The Common Security and Defence Policy (CSDP)

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In light of a changing security environment, the EU Global Strategy for Foreign and Security Policy (EUGS) started a process of closer cooperation in security and defence. EU Member States agreed to step up the European Union’s work in this area and acknowledged the need for enhanced coordination, increased investment and more cooperation in developing defence capabilities.

The operation's core mandate is to contribute to the EU's work to disrupt the business model of migrant smugglers and human traffickers in the Southern Central Mediterranean.

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Check against delivery!

 

Thank you.

First of all, let me say how pleased I am to be in Bucharest, with this wonderful hospitality, for this perfectly-organised meeting yesterday and today of the Defence and Foreign Ministers of the 28 Member States of the European Union.

Prevention is better than cure. This basic principle stands behind many of the EU activities. A pertinent example is the EU's civilian monitoring mission in Georgia (EUMM). It was deployed immediately following the war between Russia and Georgia in 2008. EUMM has helped since then to prevent new hostilities and enabled the affected population to resume a normal life free from fear.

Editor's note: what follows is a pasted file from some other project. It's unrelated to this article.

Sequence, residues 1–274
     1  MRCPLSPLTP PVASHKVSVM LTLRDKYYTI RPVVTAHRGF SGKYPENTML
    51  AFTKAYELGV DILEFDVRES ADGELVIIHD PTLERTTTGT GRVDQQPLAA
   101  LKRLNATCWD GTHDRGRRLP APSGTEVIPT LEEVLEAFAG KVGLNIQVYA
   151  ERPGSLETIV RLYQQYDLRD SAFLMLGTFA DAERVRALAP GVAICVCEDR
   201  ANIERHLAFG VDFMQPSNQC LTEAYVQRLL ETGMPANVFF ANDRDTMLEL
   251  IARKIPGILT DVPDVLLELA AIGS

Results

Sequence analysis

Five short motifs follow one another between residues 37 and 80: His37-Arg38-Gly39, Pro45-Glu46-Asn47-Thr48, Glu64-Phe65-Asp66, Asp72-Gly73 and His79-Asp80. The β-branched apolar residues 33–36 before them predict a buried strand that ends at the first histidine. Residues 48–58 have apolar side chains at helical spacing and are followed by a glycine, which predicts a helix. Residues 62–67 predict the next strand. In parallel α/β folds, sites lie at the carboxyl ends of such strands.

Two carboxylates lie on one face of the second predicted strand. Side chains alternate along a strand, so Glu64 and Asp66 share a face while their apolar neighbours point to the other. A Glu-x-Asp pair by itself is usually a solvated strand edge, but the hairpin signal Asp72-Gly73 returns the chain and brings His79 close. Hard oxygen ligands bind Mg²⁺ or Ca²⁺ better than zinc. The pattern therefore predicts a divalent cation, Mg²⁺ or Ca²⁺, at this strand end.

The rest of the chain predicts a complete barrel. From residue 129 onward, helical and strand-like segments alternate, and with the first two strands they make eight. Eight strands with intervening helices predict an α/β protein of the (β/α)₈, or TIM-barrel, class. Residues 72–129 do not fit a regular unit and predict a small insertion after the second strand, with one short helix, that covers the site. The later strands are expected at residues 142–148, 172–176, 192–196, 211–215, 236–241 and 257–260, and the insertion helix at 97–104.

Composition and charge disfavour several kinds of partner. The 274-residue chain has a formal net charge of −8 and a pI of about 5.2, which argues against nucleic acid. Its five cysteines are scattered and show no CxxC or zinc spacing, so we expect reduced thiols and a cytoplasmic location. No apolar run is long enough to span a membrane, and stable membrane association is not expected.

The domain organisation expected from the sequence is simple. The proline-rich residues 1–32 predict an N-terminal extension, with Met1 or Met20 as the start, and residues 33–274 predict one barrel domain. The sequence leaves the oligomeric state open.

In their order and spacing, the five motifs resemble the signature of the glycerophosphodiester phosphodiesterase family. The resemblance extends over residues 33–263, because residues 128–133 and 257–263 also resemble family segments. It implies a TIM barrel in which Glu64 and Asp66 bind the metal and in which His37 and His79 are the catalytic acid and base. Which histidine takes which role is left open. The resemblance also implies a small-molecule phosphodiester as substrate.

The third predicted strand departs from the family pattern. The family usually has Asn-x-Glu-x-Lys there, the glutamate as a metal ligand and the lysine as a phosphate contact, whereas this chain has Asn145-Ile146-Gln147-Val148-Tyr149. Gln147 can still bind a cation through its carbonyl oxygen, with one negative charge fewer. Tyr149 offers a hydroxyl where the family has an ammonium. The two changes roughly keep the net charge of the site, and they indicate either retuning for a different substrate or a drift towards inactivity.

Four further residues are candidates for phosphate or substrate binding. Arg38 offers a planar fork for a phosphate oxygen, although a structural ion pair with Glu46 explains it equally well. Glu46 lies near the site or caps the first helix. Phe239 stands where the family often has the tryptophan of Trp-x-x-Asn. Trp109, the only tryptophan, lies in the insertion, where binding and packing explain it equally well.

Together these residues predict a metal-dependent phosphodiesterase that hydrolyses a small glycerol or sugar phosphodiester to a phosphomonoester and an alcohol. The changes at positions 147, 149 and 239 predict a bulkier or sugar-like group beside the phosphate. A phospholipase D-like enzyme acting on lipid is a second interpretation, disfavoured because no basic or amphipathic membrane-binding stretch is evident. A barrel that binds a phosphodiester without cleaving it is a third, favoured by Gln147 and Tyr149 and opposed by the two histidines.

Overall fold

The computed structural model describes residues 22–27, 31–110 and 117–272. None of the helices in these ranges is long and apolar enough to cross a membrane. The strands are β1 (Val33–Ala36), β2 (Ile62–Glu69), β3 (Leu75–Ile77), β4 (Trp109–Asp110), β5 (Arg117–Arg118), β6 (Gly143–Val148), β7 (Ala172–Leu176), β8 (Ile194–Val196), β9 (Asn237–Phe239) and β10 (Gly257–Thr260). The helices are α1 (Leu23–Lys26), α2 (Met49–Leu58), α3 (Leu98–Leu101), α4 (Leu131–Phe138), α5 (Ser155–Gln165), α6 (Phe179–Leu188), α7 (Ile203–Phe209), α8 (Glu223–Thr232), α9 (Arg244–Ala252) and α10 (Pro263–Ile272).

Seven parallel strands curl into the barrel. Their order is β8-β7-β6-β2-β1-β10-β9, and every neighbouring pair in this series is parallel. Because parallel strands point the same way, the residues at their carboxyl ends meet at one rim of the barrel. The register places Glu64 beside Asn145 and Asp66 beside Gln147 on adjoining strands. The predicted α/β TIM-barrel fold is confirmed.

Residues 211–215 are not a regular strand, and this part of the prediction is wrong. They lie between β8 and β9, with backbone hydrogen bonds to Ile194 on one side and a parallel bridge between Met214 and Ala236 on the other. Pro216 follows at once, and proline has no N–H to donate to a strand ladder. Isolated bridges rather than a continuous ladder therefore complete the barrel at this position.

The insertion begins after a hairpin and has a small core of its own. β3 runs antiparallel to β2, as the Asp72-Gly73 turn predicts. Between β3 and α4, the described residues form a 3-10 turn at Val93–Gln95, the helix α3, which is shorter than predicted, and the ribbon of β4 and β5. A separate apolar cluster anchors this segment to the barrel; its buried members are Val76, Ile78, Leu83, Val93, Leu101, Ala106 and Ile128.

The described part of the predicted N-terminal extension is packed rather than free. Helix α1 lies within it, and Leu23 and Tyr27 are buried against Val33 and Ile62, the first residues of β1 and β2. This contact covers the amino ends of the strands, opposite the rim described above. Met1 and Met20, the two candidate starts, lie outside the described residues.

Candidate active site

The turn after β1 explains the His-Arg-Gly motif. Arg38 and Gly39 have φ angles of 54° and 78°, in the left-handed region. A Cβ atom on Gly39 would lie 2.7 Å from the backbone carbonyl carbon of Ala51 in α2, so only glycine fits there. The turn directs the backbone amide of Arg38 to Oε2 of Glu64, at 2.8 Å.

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Creating a fully-fledged European Defence Union by 2025 is imperative to Europe's security and to build a Union
that protects. A smooth, efficient and effective movement of military personnel and assets across and beyond the
EU will enhance the EU's preparedness and response to crises. It will enable EU Member States to act faster, in line with their defence needs and responsibilities, both in the context of the Common Security and Defence Policy missions and operations, and in the framework of national and multinational activities. Currently, cross-border mobility is still hampered by a number of barriers that can lead to delays, disruption, higher costs or increased vulnerability."

The civilian dimension of the Common Security and Defence Policy (CSDP) provides unique added value to the EU’s global role in international peace and security.

Global challenges have not only increased in recent years, they have become more complex, multidimensional and fluid. The EU Global Strategy on Foreign and Security Policy presented in June 2016 highlights the strong link between external and EU-internal security under a changing geopolitical setting. No single country can face these emerging threats alone. And when it comes to security the interests of all EU Member States are inseparably linked. Hence the EU is creating conditions which allow Member States to collaborate more closely with each other on defence.

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